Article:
Having read about Jacksonians a while back, this frankly doesn’t surprise me.  Nevertheless, given the existence of such division amongst Americans, I fear that prosecutions of Bush et al, particularly if conducted by the other party, would be viewed by a non-trivial portion of the public not as “upholding the rule of law”, but rather the pursuit of a partisan political vendetta.  From which the take-home message would not be “Don’t do illegal stuff”, or even “Don’t get caught”, but rather, “If you hold political office, never let go of power, lest your enemies hound you ’till you’re in chains”.  This would not be a healthy development for the Republic.

I would say more along these lines, but John Hawkins already said it a while back:

Trying to prosecute key Bush Administration officials on what are viewed as trumped up, politically based charges would create a firestorm of partisanship and outright hatred that would surpass anything in American history since the Civil War. Members of a political party in the United States, whether it be Republican or Democrat, are simply not going to stand by idly with their hands in their pockets while their political views are criminalized.

At best, this would lead to tit-for-tat prosecutions. By that, I mean if Democrats throw George W. Bush in jail for ten years, Republicans will do their best to find an excuse to throw Barack Obama in jail for ten years — and don’t think it can’t happen. The American political system tends to be cyclical and so today the Democrats may be on top — but in four to eight years, when Obama leaves office, it’s entirely possible the GOP could be in charge of both Houses of Congress — and looking for an opportunity to get payback for Bush. Again, that is the best case scenario. The worst case scenario could mean blood in the streets, riots, and a breakdown of the “orderly transfer of power” that has always been a hallmark of American democracy.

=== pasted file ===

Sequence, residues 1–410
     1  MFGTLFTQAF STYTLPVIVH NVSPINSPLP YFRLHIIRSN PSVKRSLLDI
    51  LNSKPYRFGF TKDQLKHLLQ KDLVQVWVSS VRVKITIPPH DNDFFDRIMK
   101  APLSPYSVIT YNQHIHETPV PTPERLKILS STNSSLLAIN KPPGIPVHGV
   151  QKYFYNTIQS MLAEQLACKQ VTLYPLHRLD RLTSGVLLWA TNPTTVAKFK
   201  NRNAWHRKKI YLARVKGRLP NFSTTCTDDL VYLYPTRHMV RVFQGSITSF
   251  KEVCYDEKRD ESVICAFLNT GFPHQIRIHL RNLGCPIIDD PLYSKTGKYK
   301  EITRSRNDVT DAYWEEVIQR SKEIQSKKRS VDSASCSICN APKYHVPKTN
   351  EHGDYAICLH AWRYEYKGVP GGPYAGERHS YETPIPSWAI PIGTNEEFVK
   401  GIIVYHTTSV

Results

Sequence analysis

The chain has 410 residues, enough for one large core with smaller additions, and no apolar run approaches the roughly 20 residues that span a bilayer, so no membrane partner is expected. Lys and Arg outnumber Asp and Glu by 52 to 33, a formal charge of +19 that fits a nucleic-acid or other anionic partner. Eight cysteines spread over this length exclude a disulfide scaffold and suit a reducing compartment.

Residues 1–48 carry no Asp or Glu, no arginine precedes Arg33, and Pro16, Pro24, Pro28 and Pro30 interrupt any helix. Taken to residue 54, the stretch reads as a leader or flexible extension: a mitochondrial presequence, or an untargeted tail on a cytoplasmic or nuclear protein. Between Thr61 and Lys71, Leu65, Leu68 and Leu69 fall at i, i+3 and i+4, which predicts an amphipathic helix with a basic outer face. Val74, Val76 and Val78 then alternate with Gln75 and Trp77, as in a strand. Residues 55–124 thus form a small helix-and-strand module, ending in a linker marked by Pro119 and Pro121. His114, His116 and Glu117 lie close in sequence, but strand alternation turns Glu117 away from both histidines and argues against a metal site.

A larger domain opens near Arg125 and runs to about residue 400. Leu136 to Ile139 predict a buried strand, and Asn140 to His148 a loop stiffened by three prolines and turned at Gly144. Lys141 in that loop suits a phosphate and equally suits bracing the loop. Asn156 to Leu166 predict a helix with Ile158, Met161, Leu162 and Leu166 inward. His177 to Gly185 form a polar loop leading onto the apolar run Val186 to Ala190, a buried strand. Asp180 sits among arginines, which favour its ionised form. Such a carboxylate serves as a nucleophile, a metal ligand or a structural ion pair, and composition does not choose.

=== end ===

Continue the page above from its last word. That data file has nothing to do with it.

One of the reasons that has never been an issue previously is precisely because the loss of power for an American politician doesn’t mean that he’s threatened with the loss of his life or liberty. If we throw the rule of law out the window and leaving office may mean a prison sentence or worse, those “orderly transfers of power” we have in this country are going to begin to break down — and politicians will use any means necessary to remain in charge. It’s understandable if that sounds farfetched since events of that sort haven’t happened on a widespread scale here since the Civil War, but there are many nations across the world where a change of leadership is a terrifying and violent ordeal for the populace. There’s very little to be said for potentially joining their ranks.

Ultimately, I’m more inclined to echo Matthew Yglesias’s opinion that, if we’re concerned about preventing torture in the future, we should be less concerned about prosecuting past torture than shrinking those aforementioned “substantial minorities” into the consistently-low-single-digit range.  Granted, on the one hand, it’s possible that torture prosecutions would present a “teachable moment” & further this goal.  OTOH, however, it’s also possible that they could indeed be seen as another data point on a trendline of using the criminal justice system to harass political opponents.[4] Does the risk of the latter outweigh the potential benefit of the former?  I’m not sure, but my gut tells me no.[5]

Interesting aside:  Brad Wendel notes the relevance of the torture memos debate to the question of legal (in)determinacy.  More on that rather dry & abstract question from Lawrence Solum here.